Eze 11:15. The justice of what God was doing against the imhabitants of Jerusalem was indicated in this message to Ezekiel. They had assumed sole connection with (he Lord and had virtually disfeitowshiped all the other people of the country. For this reason they deserved the special Judgments.

Verse 16

Eze 11:16. Them is a pronoun that stands for the people in general who had been imposd upon by the leaders in Jerusalem. At Ihe very time Ezekiel was seeing this vision, be and the bulk of the nation were already in the land of Babylon, and that by the decree of the Lord. But He was not going to forsake them entirely while in the heathen land. Sanctuary means a place or means of security. Among those who had to go into captivity were many who were personally righteous and who were assured of the care of the Lord. It is appropriate the reader again see the note at 2Ki 22:17.

Verse 17

Eze 11:17. From this verse through 20 the subject is the return from captivity. with special mention of certain results to be accomplished by the exile. The same people for whom the Lord promised to be a "sanctuary" in the preceding verse were to be brought back to their own country. The great Babylonian Empire was composed of various countries of the civilised world, and the captives were scattered more of less over those sections. That is the reason for the pre-diction that the Lord would assemble them out of the countries.

Verse 18

Eze 11:18. Take away all the detestable things is a prediction of the complete cure from Idolatry. For the historical fulfillment of this prediction see the quotation in connection with Isa 1:25, volume three of this Commentary.

Verse 19

Eze 11:19. A complete change of heart Is the meaning of this verse. We know that the human heart as to the body is literally flesh, therefore we must understand this language to be figurative. It means their heart (mind) had become hardened in sin and the captivity would humble them and make them become yielding to the law of God.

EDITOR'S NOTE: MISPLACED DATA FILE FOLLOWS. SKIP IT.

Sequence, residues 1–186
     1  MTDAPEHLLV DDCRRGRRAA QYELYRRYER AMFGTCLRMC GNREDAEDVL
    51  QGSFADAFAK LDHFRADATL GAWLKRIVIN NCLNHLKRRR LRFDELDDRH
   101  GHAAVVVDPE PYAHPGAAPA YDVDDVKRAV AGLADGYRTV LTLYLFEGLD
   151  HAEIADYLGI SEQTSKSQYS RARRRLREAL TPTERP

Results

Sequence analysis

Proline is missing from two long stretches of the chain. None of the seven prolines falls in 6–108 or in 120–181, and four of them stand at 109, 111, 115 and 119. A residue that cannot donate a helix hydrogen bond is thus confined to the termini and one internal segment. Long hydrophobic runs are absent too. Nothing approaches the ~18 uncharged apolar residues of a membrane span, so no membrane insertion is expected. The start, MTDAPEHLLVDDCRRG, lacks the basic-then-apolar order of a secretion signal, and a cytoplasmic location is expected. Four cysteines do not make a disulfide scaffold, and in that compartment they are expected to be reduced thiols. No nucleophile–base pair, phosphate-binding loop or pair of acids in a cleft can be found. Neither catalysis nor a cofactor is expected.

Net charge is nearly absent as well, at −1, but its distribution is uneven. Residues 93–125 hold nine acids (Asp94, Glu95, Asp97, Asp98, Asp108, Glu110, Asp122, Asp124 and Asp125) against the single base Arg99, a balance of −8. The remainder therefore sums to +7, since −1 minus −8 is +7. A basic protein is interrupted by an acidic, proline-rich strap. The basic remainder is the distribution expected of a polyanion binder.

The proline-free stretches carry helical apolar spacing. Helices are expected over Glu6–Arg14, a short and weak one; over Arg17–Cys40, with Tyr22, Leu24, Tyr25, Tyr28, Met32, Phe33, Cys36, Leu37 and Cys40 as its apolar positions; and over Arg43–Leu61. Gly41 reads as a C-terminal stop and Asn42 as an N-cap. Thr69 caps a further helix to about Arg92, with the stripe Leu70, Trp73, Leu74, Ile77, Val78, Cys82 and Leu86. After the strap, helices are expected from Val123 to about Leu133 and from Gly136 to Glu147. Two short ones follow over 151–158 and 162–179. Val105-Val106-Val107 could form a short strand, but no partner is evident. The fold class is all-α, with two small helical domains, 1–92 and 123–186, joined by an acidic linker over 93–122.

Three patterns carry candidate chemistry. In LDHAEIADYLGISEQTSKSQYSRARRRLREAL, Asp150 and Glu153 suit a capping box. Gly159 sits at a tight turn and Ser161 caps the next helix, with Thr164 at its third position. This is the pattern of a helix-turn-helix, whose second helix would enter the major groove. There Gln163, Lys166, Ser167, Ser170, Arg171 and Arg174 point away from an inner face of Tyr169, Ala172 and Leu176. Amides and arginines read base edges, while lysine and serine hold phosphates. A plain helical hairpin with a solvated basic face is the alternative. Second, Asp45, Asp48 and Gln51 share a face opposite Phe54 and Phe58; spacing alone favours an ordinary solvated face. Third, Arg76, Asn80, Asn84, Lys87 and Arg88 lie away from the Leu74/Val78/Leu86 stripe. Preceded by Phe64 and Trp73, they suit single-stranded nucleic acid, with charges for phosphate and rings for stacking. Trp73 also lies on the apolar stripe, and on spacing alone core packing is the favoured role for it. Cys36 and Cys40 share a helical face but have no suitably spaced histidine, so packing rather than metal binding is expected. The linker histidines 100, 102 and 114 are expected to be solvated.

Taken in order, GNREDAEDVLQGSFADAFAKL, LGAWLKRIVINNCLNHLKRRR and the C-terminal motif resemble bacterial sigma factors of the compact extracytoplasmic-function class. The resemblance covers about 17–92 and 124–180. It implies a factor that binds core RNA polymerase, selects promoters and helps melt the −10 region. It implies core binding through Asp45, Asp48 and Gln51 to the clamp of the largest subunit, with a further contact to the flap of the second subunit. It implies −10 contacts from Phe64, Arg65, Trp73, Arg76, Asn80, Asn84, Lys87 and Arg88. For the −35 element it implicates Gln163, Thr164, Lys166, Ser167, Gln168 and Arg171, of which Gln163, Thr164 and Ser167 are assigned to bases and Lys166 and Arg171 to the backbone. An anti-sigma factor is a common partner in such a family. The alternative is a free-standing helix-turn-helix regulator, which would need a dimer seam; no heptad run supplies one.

Verse 20

Eze 11:20. The difference between a statute and an ordinance as defined in the lexicon is so slight that we may well consider them in the same sense. A statute may be regarded as the more fixed and formal of the two, but when they come from God they both mean the rule of life which He expects his servants to follow. Shall be my people. These Israelites were always the Lord's as far as being a race or nationality according to blood, but now they are to become his people again in the sense of forming a nation or government, something they had not been for 70 years.

Verse 21

Eze 11:21. There were some of the Jews who would not give up their love of sin and they were destined to be given over to the ravages of the exile. That, is why the period of the captivity was to reduce the nation to a remnant. {See Ezr 2:64.)

Verse 22

Eze 11:22. These cherubims and wheels are the same that were mentioned in Eze 10:14-15, and they represent the four world empires. The glory of the God of Israel was over them because He is interested in the procedure oE the governments of the world.

Verse 23

Eze 11:23. The story included in the vision was about finished, so the spirit of the Lord's glory departed and occupied an exalted place near the city.

Verse 24

Eze 11:24. Notice the passage says Ezekiel was brought in a vision into Chaldea (or Babylon). In reality or bodily he had been there all the time. This verse means that the vision was ended and Ezekiel was to act literally in communicating his message to the people or captives among whom he was then living.

Verse 25

Eze 11:25. Them of the captivity means the Jews who were literally in captivity along with the prophet who had been taken there at the 2nd stage of the captivity
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Bibliographical Information
Zerr, E.M. "Commentary on Ezekiel 11". Zerr's Commentary on Selected Books of the New Testament. 1952.